san jose pr internship

By Kristin Greenfield, Intern

As I braced myself for a vortex of relentless work, demanding clients and tight deadlines, I realized I may have been overpreparing — just a tiny bit!

While PR is known to be a fast-moving profession — and I have had my fair share of those whirlwind weeks — I was relieved to find that the Hoffman engine is not always set to full throttle. There were weeks where I had time to catch my breath. Furthermore, even during (and especially during) those weeks of mayhem, my teammates were always available for me to lean on for support. I learned to embrace the chaos, and it was during those times of havoc that I was stretched the most and experienced higher levels of growth.

My heart used to race when my account leads asked me to tackle a critical task like an end-of-month report or a byline. But I found in reality that they weren’t as spine-chillingly scary as they were in my head. Most of the time, something similar had been done before, so there was already a set format to use as a guide. Teammates were usually available and more than happy to provide help, brainstorm ideas or just act as a second set of eyes to review the content before I shared with the rest of the team.

Another thing that eased some of my anxieties was reframing my mindset to think of assignments as a first draft rather than a masterpiece. As I quickly learned, every piece of content goes through multiple rounds of people to buff out all the snags and make it client-ready, so my first stab at it didn’t have to be perfect.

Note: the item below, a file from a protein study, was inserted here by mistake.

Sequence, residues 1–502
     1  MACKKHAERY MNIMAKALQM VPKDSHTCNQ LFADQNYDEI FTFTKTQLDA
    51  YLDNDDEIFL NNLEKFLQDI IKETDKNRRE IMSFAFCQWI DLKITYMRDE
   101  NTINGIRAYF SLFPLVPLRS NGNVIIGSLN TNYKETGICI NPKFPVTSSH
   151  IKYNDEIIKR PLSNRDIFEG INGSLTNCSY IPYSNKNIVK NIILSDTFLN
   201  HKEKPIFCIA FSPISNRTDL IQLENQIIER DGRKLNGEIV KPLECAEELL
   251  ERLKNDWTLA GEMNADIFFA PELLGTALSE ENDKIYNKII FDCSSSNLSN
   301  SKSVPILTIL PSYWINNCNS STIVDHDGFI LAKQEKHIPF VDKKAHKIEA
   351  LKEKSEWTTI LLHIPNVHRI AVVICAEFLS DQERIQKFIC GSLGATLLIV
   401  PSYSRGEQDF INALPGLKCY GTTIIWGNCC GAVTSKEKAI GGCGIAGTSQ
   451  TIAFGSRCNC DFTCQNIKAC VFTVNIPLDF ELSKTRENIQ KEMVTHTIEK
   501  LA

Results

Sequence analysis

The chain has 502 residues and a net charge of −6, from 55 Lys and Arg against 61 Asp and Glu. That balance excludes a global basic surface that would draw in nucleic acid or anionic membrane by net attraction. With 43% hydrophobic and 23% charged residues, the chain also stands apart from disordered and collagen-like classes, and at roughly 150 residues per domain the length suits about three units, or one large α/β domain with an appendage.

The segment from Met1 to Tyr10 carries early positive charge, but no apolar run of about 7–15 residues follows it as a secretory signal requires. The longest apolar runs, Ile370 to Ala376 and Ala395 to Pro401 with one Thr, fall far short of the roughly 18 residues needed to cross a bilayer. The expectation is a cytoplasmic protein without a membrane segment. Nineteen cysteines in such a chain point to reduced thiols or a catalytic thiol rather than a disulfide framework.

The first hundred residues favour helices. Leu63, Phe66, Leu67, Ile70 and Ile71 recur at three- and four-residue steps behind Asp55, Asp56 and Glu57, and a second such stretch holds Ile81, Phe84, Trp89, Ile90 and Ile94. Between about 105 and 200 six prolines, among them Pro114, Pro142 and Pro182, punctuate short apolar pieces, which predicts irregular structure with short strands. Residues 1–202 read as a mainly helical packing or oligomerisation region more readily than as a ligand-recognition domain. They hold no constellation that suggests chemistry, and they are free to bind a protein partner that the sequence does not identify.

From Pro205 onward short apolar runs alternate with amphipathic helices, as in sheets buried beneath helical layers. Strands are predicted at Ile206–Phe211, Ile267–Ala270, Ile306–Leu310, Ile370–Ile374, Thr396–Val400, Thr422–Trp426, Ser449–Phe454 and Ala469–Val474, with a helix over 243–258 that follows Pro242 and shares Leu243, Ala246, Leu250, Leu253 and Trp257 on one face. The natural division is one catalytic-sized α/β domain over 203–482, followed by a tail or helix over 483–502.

When I began my internship, I felt frustrated at how long it took me to complete tasks that seemed simple. How hard can it be to add 25 names to a media list? What is so challenging about compiling a list of timely topics related to my client? But I have learned to give myself grace in this new environment.

“Semiconductor speak” truly does feel like learning a brand-new language. And as I have gained more familiarity with both the programs and the industry, I’ve gotten speedier at finishing assignments, and I look forward to my Harvest report breakdowns which offer a tangible way to watch the number of hours spent on a project go down each week.

Finally, I would like to advocate for admitting when you don’t have the bandwidth to take on another assignment. At first, I felt hesitant turning down opportunities because I feared it would reflect poorly on my work ethic. But I learned that it is more important to communicate my limits rather than trying to do it all and sacrificing quality in the process.

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